Drake Landing Solar Community

Situated in Okotoks, Alberta, Canada at a latitude of 51°N, the Drake Landing Solar Community (DLSC) is claimed to be the first major use of high temperature seasonal borehole thermal energy storage in North America.

The energy comes from an active indirect solar water heating system using flat plate solar collectors which harvest enough energy to provide 90% of the annual space heating and 60% of DHW needs for the 52 individual dwellings on the site, even throughout long winters where temperatures can plummet to -33°C. The project was conceived by Natural Resources Canada, a Canadian federal government department, as a show-case environmentally friendly residential community, and carried out in partnership with local developers, equipment suppliers, local authorities and other government departments.

Solar energy for space heating is captured by an array of 798 collectors totalling 2,293 m2 mounted on the detached garages. The community is more than 1,000 m above sea level, but peak summertime temperatures average more than 20°C, so the collectors, facing due South at an angle of 45°, can generate 1.5 MW of heat energy on a typical summer's day. (The tilt angle is latitude -6°, showing a slight bias towards summertime efficiency.) Solar energy is transferred to a glycol solution, which passes down to an underground pipe network and thence to a heat exchanger inside a high temperature short-term thermal store (STTS) in the project's 'Energy Centre'.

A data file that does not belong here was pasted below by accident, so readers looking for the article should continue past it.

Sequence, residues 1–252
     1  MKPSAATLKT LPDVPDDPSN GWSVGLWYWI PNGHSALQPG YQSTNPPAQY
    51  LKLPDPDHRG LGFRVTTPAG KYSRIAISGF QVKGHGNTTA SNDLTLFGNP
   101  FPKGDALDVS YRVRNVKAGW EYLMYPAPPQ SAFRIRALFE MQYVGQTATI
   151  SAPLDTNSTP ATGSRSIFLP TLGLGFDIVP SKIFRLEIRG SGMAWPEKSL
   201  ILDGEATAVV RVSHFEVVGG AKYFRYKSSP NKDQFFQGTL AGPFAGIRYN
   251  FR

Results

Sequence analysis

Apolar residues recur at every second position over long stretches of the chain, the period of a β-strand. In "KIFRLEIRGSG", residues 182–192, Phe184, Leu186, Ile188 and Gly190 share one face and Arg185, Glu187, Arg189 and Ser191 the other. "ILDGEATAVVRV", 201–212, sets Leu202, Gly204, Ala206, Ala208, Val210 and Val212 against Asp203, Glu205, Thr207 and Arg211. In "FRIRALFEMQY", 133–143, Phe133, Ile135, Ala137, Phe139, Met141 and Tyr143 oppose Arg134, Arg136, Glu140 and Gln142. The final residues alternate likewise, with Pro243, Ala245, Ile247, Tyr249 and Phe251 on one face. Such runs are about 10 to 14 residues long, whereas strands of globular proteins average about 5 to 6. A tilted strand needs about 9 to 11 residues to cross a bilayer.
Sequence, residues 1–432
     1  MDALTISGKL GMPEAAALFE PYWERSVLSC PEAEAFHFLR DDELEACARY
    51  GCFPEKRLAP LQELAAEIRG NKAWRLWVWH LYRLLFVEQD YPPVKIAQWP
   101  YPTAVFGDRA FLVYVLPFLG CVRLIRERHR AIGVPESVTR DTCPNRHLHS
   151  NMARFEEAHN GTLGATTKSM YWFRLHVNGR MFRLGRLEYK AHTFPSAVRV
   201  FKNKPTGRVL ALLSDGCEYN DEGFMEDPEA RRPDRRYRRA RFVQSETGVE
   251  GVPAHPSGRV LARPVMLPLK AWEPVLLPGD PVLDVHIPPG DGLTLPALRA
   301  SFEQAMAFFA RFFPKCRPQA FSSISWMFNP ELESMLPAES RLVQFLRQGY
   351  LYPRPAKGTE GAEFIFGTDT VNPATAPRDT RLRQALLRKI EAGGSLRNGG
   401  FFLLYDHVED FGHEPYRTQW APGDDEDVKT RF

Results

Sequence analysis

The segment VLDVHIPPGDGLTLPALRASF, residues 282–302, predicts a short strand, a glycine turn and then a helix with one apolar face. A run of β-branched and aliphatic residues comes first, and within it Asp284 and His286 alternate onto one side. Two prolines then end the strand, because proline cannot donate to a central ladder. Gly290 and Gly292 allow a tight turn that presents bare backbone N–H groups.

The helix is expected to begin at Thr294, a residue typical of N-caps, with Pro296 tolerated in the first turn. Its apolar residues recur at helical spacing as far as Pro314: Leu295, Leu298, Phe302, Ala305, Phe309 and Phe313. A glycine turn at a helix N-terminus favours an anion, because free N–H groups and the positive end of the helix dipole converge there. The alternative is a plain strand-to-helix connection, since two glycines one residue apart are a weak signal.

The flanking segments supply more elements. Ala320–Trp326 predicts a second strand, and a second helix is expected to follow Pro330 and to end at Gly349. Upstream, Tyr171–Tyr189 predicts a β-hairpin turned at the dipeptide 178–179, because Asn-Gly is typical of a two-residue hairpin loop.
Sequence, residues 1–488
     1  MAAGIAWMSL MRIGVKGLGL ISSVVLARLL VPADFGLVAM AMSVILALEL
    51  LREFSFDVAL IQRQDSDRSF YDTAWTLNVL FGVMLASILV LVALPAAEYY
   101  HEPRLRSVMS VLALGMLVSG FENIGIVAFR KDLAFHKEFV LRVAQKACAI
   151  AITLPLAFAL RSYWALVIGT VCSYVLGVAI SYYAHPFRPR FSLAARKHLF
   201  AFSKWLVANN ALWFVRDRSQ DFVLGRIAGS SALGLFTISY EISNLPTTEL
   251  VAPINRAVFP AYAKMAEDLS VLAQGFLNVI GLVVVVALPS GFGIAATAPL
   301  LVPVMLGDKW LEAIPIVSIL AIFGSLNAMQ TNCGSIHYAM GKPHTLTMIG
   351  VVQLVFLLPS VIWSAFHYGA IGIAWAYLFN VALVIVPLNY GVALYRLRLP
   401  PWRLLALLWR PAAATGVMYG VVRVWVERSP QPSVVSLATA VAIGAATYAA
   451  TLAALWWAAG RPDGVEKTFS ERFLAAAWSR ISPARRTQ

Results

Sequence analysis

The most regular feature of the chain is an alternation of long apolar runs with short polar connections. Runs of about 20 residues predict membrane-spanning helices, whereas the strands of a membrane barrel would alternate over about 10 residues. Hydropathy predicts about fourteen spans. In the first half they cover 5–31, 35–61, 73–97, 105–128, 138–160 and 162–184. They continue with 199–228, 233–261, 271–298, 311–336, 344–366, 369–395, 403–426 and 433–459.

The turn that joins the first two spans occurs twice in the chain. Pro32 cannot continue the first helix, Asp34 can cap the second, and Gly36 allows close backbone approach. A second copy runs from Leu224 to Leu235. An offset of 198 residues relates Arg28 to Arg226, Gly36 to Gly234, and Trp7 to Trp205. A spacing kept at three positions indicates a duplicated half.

Two unpressurised 120 m3 epoxy lined cylindrical steel water tanks form the STTS. Internal baffles encourage stratification. The Energy Centre also houses most of the pumps and controls. When, as is frequently the case during the summer, the temperature in the STTS exceeds that in the BTES, pumps cut in, and hot water from the STTS is circulated through the boreholes. In summer the collectors heat up the STTS about twice as fast as the BTES can absorb heat from the SSTS, so the BTES pump has to run most of the night to maintain a balance.

There are 144, 150 mm diameter boreholes 35 m deep at 2.25 m centres arranged in a hexagonal pattern 35 m in diameter. Each contains a single 25 mm diameter cross linked polyethylene (PEX) U-tube grouted with a high conductivity mix of 9% ordinary Portland cement, 9% Portland Blast Furnace cement, 32% fine silica sand and 50% water. Above

Solar Pex Collector
Solar energy is captured by flat plate collectors on garage roofs (Photo provided courtesy of Natural Resources Canada)

them, layers of sand and insulation are protected by a waterproof membrane, topped by clay and landscaping. The store is made up of 24 strings of six boreholes in series, divided into four circuits and distributed through four quadrants so that the loss of any single string or circuit will have minimal impact on storage capacity. By the end of a typical summer, temperature in the earth surrounding the boreholes is expected to top 80°C.

A power cut on a sunny summer's day could cause serious problems with overheating of the glycol loop. To insure against this possibility, a 3.6 kW solar PV array is mounted on the roof of the Energy Centre, backed up by a 27kWH battery bank and inverters inside the control room. This set-up provides enough power to run the primary collector loop pumps; during normal operation the power from the array supplements mains supplies and keeps the batteries fully charged.